Diving into a new book by an author you’ve read and enjoyed in the past is like coming home, getting out of your uncomfortable work clothes, and putting on your favorite pair of sweats and a pair of fuzzy slippers. It’s cozy, it’s relaxing, it’s just what you’ve been dreaming about all day long. That’s how I felt about finally being able to dive into Dating by the Book by Mary Ann Marlowe (Kensington, 2019). This book went on my TBR list long before its release date, since I had read Ms. Marlowe’s A Crazy Kind of Love and very much enjoyed it, then subsequently followed her on Twitter and very much enjoyed her as a person as well. Dating by the Book came out in June, but it was available only at the library in the next town, and finally, finally things matched up so that the book was available there and I needed books! (Of course, as soon as I got all those books home that I checked out, literally everything I’d requested via interlibrary loan, even the book I suggested my library BUY and that I wasn’t expecting them to get in until at least January, came in at the same time, so now I’m entirely swamped. Best problem in the world, right?)
Maddie’s a struggling bookstore owner (is there any other kind?) whose problems don’t only stem from the shop, her favorite childhood store which she bought from the deceased owner’s son, and which she’s desperately trying to keep afloat in her tiny hometown. Her own book, the one she actually wrote herself, is due to be released soon, and she’s both excited and nervous. Six months ago, however, her fiancé didn’t show up at their wedding, and Maddie’s still stinging over Peter’s betrayal. She hasn’t been able to date yet, but things may be changing…or at least, Maddie’s trying to change them. Her old boyfriend-turned-rock star is back in town for a bit, attending her store’s book club, and beyond him, there may be sparks with Charlie, another book club member and regular customer. But none with Max- NONE, DID YOU HEAR THAT- her best friend’s brother and Maddie’s childhood friend (whom she once kissed, but nevermind that either), who keeps trying to squeeze his way into her business and her life.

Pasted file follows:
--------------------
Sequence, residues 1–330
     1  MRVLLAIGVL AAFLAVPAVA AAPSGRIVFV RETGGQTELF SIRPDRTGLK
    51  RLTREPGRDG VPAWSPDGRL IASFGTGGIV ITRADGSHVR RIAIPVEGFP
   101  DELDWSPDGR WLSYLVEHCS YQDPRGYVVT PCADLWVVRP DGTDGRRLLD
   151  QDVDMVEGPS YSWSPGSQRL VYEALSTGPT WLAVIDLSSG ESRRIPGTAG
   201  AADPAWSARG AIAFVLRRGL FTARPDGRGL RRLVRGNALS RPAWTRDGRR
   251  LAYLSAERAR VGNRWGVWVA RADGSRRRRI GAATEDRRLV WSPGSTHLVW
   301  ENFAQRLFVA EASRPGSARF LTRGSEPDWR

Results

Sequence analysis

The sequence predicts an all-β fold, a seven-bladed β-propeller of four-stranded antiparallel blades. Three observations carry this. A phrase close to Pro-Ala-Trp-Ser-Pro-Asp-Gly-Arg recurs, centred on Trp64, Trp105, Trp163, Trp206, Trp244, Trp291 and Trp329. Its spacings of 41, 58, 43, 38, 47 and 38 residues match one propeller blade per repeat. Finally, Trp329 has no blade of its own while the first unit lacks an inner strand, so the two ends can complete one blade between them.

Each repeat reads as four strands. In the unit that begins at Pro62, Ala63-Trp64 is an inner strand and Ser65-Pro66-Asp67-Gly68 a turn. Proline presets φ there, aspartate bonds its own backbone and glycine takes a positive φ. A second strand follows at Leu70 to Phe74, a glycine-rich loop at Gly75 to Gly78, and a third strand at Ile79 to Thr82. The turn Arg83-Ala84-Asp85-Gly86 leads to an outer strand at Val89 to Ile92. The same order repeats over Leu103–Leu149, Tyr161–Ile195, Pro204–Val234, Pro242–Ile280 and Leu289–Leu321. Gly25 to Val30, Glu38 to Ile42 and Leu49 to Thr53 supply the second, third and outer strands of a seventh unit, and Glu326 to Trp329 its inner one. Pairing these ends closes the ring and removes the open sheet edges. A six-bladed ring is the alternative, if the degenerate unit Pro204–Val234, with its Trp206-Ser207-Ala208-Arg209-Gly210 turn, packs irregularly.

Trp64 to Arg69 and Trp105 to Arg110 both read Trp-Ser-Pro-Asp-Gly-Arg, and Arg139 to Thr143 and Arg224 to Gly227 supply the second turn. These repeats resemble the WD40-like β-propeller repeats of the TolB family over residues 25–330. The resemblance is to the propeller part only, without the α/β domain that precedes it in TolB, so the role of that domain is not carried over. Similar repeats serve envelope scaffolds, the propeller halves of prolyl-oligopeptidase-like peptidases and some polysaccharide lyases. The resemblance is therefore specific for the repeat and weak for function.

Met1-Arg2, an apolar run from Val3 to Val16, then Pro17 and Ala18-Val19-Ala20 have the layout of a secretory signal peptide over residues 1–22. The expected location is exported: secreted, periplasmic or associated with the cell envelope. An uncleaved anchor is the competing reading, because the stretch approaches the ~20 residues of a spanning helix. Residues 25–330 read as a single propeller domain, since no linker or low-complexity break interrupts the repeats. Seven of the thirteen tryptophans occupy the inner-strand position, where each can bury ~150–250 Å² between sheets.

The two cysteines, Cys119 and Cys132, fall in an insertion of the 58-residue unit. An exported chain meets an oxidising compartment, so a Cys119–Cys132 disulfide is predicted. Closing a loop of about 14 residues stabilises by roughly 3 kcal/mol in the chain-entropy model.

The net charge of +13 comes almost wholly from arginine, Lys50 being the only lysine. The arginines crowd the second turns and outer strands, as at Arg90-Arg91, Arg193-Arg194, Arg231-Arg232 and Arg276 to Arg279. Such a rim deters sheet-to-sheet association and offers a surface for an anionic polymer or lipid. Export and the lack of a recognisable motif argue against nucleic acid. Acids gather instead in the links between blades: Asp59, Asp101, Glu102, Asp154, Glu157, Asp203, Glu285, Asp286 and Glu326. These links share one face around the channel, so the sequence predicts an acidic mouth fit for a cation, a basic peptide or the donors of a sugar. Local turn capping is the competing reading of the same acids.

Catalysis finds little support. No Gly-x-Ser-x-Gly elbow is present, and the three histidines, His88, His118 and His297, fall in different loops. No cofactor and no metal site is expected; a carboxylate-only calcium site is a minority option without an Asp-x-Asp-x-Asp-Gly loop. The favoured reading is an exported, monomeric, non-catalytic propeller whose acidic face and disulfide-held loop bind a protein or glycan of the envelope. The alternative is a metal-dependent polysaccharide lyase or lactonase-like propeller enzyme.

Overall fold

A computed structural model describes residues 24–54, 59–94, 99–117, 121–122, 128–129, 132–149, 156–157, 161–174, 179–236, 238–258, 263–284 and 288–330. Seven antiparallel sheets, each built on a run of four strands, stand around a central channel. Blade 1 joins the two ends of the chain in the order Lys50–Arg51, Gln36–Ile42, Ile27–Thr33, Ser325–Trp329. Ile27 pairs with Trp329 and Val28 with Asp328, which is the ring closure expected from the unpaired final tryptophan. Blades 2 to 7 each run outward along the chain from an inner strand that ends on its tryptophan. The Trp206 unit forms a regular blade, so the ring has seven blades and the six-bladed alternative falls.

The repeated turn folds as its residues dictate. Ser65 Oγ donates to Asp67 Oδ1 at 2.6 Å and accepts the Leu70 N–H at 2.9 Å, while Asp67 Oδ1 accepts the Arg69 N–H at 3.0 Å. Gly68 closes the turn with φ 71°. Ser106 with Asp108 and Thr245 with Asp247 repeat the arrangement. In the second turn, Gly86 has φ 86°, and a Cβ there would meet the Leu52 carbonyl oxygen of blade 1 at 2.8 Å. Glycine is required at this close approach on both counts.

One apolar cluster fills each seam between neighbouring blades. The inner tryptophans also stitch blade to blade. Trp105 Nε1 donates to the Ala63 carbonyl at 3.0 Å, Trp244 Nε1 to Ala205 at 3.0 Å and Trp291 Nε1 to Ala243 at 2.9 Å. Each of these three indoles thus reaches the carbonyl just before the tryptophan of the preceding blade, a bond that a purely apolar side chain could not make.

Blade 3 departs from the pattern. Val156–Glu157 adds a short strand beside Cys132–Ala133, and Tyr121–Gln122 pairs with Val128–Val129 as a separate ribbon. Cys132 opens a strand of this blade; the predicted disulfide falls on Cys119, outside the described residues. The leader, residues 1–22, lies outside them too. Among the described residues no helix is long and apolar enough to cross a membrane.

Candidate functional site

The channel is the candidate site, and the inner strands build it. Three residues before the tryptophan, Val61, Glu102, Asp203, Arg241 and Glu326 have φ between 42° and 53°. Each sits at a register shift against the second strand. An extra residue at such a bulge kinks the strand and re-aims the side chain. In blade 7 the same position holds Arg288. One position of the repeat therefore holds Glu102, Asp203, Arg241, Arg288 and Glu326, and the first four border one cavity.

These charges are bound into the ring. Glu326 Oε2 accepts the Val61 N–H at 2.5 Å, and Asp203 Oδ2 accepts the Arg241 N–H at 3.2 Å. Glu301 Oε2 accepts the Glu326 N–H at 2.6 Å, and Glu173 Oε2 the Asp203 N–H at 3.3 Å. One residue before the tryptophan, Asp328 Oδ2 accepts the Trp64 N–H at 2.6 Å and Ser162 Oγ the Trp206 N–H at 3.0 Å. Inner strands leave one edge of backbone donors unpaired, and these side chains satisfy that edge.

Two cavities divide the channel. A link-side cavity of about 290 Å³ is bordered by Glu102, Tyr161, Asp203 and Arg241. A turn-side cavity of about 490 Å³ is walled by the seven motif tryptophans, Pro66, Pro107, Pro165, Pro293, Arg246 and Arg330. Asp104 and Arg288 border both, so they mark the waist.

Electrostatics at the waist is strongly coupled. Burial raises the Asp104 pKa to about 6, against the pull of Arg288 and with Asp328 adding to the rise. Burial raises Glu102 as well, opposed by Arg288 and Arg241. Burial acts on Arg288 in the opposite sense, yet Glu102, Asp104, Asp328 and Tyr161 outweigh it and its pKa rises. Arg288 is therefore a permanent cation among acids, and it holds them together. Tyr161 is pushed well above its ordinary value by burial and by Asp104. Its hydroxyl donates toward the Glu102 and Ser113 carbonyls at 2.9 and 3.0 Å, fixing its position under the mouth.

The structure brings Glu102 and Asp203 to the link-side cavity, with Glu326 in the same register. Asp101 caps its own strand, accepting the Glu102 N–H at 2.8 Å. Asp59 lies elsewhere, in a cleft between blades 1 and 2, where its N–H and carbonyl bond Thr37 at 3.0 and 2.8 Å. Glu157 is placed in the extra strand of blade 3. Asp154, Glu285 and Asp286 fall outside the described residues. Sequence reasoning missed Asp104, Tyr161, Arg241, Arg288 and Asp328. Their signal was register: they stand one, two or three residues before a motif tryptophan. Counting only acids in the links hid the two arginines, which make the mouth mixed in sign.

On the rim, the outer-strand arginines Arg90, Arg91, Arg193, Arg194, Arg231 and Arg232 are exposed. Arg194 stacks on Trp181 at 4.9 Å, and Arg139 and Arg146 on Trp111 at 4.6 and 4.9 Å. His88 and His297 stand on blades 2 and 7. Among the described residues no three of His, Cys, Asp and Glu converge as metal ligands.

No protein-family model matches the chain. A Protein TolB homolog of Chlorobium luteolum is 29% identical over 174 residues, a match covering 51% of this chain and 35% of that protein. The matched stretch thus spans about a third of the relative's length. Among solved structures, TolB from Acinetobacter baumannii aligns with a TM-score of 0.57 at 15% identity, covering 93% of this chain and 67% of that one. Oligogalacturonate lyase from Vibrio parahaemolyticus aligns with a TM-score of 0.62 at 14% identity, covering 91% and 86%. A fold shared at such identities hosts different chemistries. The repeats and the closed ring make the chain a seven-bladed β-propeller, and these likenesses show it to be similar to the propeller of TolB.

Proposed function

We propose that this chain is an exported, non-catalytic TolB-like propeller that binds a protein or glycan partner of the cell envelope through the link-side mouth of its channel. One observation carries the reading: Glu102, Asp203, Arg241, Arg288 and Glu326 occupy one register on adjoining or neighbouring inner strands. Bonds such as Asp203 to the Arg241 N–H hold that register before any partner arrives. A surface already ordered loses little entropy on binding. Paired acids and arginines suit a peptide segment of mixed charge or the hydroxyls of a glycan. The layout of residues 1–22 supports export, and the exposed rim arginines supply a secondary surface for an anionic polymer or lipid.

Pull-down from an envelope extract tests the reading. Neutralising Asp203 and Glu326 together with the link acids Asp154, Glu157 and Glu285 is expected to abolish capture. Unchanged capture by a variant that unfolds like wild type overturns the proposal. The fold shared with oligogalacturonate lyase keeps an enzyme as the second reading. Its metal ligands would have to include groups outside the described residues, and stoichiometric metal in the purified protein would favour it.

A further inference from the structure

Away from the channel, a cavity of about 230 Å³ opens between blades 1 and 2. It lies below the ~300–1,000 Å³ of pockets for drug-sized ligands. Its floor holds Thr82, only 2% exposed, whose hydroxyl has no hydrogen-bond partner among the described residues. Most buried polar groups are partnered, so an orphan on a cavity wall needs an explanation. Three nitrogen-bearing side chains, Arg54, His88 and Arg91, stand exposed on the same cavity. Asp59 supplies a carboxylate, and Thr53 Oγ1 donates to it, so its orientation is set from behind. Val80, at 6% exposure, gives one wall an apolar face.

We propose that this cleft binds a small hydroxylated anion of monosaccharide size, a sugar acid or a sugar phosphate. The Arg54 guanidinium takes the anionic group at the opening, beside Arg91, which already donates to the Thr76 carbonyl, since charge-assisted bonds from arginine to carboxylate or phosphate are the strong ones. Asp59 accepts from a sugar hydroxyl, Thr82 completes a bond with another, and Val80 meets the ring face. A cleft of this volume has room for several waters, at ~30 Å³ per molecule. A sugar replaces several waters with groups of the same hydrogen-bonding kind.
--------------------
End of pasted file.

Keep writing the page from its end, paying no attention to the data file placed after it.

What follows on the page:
When a three-star review of an early copy of Maddie’s novel hits a nerve, she finds herself unable to walk away and writes the reviewer, a male blogger who goes by the moniker ‘Silver Fox’ an irate (and also drunken) response. Thus begins a correspondence that slowly turns into friendship. Maddie’s able to be more open and honest with Silver Fox than anyone in her life, and his tough questions and commentaries (along with what she’s been learning about her ex-fiancé, who’s still part owner in her struggling bookstore) have her questioning her life choices. The drama is high, both in regards to Maddie’s love life and the dilemma of her barely-limping-along store, but when Silver Fox’s true identity comes out, Maddie will realize what it is she’s really been wanting- and needing- all this time.
Maddie’s far from a tragic figure, but she’s majorly down on her luck at this moment in time, and thus she makes for an easy character to root for. She’s also easy to identify with- how many of us have followed a dream or two, only to have them backfire on us? Ms. Marlowe’s style is so friendly, so easily readable, that reading Maddie’s words were like listening to an old friend chat. And with the book centering around Maddie’s bookstore and book club, literary references and conversations abound. Book lovers rejoice!